During a tumultuous period marked by a global pandemic, forced lockdowns, and educational institutions going ‘digital by default’, TikTok has emerged as a key platform for teachers to connect and share their experiences. These digital practices have been widely celebrated for providing teachers with an outlet during a challenging time, though little is known about the particulars of TikTok's appeal among teachers and their followers. This article focuses on a teacher from South Australia, ‘Mr Luke’, whose upbeat TikTok videos capturing ‘#teacherlife’ have seen him grow a significant following. Drawing on interviews with Mr Luke and an Australian pre-service teacher who follows him, we consider their thoughts on TikTok and its relationship to professional practice. We identify key factors that have enabled TikTok's popularity among educators, with implications for both teacher education and social media scholarship.
At the professional practice of nutrition, as in the rest of the health disciplines, it is necessary to follow high standards in order to establish the best doctor-patient relationship and the greatest benefit in the user's health. In a special way, the factors that are indexed in the nutrition of the elderly must be specified; since, during the stage of old age, individuals present physiological and psychosocial changes that affect their nutritional status, which lead to both overweight and malnutrition, implying malnutrition problems. Thus, recommendations are established for both the ethical aspects and the components that must be considered for the adequate feeding of the elderly, including the ethical considerations involved in the interventions.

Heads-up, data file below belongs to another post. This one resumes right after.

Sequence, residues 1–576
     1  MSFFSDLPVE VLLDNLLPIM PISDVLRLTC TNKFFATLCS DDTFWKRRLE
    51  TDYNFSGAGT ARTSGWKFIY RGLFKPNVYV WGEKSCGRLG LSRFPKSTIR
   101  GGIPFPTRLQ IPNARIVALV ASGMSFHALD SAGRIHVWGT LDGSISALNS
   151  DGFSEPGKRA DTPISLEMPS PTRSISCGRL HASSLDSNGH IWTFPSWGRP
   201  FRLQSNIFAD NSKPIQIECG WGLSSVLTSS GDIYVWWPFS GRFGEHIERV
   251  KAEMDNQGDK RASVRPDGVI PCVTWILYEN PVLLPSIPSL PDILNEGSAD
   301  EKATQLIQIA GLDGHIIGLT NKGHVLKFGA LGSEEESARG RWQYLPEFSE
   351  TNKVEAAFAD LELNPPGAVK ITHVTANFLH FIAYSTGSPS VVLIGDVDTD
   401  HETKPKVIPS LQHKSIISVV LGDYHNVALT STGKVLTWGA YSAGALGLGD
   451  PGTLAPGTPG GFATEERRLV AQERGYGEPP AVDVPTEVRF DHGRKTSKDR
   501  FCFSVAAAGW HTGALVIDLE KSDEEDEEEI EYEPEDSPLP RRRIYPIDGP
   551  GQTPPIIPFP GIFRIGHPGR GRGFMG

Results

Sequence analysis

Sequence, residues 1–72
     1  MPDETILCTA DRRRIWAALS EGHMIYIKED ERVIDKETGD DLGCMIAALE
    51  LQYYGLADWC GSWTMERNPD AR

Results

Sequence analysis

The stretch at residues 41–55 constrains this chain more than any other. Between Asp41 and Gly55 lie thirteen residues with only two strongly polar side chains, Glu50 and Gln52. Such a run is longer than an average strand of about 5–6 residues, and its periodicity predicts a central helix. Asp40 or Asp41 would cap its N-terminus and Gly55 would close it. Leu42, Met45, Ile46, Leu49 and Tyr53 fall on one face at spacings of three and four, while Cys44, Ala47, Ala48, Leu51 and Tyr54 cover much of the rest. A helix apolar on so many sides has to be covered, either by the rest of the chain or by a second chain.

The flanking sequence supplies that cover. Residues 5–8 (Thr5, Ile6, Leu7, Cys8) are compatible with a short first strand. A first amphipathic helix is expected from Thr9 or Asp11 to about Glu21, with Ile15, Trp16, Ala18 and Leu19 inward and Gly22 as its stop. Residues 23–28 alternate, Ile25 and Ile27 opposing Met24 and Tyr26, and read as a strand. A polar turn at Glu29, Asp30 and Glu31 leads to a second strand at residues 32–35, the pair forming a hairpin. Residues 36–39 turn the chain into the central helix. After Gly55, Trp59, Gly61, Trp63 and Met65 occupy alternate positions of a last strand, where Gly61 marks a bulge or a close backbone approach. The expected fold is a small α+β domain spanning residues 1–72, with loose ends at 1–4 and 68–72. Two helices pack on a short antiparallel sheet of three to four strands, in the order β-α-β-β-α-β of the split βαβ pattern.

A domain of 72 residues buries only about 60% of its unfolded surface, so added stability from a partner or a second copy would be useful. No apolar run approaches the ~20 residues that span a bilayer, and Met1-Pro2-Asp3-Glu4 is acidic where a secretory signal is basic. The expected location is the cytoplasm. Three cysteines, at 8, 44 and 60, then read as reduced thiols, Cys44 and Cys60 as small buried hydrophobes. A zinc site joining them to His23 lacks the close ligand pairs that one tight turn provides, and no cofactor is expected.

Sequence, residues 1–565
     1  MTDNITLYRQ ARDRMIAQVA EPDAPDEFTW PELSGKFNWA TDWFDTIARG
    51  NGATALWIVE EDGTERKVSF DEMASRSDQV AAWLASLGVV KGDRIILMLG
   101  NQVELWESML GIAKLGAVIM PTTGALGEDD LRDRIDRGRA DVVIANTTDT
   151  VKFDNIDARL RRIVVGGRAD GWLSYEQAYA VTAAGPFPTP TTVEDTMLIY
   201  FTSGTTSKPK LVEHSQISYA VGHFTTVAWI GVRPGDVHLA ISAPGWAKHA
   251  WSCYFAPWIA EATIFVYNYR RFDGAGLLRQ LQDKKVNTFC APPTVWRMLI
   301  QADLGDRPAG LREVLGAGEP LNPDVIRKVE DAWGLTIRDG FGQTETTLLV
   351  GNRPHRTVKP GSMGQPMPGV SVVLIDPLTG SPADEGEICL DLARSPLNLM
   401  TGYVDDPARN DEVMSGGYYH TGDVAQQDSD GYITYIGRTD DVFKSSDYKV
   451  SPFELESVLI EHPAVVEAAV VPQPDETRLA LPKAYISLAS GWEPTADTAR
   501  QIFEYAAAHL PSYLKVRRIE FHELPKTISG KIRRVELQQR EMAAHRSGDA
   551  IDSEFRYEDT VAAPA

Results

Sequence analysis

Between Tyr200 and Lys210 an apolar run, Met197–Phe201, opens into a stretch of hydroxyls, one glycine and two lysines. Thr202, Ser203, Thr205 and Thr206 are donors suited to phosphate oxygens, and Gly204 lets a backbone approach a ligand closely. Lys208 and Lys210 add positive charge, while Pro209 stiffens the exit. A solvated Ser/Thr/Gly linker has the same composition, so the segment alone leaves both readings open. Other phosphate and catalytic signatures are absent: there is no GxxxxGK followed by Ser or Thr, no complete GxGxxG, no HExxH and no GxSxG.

The elaboration of educational products/processes as a result of the dissertation of a Post-Graduation Program (professional modality) is primordial for the improvement of Brazilian education, bringing academic knowledge closer to the needs of society. Therefore, the present research investigates how the knowledge generated by a professional Post-Graduate Program (PGP) in the Teaching Area of a public University in Pará has been disseminated, identifying which regions of Brazil and the world are interested in these educational products/processes. For this, a documentary research was conducted with the analysis of these educational products/processes produced in the quadrennium 2017/2020, made available on the PGP website and on the eduCAPES Platform. Data collected: the type of educational product/process; number of downloads, viewing ranking by country and city (further arranged in geographic regions). It was found that the analyzed production was visualized in the European, American and Asian continents; and in the countries Brazil, United States and Ukraine; in Brazil the largest number of accesses is from the Southeast region. The most viewed products were educational games. In this context, the dissemination of academic production is vital to meet the demands of society and of teachers/researchers, helping in the solution of everyday problems and professional practice. So, making the products/processes accessible by making them available not only in open access platforms but also in other social media. Present the products in other languages for greater global reach.